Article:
Al-Zaidi’s ministry is working with other ministries along with civil society organizations in coordination with the United Nations to finalize a national strategic plan for the advancement of women, combating violence against women, and preparing draft legislation to protect against domestic violence.

However, al-Zaidi said she was “very hesitant” to present the draft legislation to parliament because of unsuccessful attempts made by Iraq’s Human Rights Ministry to repeal discriminatory provisions.

“The Iraqi Supreme Judicial Council thwarted our attempts under the pretext that the time was not right for such amendments which would be rejected by the Iraqi street because they conflict with religious, tribal and traditional norms,” said Amin, the Rights Ministry spokesman. “Not only male lawmakers but even some female lawmakers stood against such reforms because of their extreme religious convictions.”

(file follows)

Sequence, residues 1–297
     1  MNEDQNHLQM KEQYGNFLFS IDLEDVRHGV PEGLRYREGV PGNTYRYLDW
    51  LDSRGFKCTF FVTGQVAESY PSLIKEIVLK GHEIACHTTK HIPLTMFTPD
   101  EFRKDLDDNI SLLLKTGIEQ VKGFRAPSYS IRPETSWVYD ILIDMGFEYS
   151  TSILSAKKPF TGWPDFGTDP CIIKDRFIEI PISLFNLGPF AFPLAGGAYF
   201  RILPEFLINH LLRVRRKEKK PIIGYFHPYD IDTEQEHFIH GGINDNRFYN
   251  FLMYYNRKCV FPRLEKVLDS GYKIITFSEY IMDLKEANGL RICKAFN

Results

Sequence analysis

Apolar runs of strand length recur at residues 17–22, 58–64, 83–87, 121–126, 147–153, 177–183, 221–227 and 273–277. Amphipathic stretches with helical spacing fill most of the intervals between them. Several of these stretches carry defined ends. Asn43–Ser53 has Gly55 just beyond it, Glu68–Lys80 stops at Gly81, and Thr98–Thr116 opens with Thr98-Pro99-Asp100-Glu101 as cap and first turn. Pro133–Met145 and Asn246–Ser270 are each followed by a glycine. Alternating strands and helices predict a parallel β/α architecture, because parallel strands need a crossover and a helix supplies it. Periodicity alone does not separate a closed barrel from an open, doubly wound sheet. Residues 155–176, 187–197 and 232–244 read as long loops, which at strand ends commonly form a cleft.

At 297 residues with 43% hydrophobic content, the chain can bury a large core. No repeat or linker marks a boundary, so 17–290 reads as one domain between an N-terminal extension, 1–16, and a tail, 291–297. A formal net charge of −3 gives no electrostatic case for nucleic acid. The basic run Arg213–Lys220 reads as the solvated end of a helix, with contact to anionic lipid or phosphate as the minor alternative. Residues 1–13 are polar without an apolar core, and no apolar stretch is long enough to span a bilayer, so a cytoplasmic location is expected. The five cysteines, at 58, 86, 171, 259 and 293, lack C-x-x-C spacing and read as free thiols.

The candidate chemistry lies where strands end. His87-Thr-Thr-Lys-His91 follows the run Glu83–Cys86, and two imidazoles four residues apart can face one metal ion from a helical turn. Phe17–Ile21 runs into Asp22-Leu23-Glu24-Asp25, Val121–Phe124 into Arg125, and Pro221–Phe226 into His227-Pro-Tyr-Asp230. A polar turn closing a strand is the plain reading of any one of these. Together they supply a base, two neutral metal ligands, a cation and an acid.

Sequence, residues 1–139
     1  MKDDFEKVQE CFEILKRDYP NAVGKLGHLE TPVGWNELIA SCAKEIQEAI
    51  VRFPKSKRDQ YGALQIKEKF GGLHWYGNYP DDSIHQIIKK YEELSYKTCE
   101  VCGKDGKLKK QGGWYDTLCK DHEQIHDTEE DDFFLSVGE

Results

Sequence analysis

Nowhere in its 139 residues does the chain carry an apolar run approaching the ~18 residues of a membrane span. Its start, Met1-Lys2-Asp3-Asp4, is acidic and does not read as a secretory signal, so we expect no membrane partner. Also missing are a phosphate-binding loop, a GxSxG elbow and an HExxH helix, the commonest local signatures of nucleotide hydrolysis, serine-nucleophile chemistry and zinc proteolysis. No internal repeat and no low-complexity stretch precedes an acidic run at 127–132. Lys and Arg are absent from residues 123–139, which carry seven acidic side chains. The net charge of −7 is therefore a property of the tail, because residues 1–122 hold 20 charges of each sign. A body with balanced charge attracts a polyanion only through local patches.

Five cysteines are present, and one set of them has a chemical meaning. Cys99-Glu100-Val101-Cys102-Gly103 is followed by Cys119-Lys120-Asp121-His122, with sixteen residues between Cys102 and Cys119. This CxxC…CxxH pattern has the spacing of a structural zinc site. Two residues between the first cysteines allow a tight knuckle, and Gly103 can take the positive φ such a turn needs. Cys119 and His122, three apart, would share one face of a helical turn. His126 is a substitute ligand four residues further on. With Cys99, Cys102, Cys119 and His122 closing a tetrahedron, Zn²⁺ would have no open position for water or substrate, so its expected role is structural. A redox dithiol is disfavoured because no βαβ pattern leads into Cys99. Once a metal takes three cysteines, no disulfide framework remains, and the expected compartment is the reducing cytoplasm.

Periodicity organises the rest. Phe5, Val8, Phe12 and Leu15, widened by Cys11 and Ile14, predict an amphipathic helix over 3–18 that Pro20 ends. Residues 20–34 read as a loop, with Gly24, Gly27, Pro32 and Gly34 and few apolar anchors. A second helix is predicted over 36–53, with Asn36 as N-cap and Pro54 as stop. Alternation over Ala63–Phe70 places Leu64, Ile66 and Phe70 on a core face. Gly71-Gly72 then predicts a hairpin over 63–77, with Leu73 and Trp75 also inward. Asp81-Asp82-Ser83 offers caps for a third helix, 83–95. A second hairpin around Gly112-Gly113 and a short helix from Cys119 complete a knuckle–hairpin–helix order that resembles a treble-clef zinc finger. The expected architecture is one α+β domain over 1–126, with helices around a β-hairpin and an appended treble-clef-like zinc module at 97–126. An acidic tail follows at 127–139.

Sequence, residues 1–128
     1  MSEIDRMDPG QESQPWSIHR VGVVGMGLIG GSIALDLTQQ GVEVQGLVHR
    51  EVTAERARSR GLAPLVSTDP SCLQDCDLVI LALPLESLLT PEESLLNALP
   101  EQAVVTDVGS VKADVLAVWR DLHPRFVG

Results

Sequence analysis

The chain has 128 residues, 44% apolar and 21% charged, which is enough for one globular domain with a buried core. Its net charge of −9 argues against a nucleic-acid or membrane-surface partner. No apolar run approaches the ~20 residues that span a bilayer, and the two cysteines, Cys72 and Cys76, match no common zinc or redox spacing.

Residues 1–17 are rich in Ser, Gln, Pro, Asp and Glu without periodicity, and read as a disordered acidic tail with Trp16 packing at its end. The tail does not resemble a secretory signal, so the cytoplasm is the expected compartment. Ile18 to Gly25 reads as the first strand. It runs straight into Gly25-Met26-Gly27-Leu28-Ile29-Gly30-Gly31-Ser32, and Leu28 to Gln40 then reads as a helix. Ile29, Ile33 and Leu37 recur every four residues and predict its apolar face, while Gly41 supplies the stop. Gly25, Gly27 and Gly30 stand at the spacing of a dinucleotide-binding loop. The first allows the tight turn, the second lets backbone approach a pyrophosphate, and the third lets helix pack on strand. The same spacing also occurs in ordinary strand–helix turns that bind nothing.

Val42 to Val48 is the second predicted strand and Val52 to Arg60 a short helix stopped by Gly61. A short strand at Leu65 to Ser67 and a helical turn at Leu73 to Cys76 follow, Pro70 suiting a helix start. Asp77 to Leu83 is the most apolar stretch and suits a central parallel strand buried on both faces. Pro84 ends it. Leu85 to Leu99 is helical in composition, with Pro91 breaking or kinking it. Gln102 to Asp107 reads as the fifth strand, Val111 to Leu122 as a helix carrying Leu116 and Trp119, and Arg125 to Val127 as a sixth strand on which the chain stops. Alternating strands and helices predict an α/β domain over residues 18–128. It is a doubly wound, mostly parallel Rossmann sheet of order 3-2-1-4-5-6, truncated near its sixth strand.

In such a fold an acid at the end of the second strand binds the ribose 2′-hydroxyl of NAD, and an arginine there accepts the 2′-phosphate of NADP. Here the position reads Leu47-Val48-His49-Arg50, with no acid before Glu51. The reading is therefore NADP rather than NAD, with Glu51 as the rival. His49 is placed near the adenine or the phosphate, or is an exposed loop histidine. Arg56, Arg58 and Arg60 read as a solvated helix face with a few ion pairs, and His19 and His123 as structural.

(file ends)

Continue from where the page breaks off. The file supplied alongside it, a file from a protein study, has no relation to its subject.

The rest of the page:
At issue is Iraq’s penal code, written in 1969, that excuses crimes “if the act is committed while exercising a legal right.” Husbands punishing their wives, and parents and teachers punishing children are considered permissible “within certain limits prescribed by law or by custom.”

In Iraq, some tribes and fundamental Muslim sects believe that Islamic laws allow husbands to beat unruly wives, and even for families to kill women relatives who are accused of bringing shame upon the home, such as in cases of adultery. The authority given to husbands can sometimes be exploited by their families to abuse wives as well.

More often than not, women like Jassim routinely are blamed instead of helped.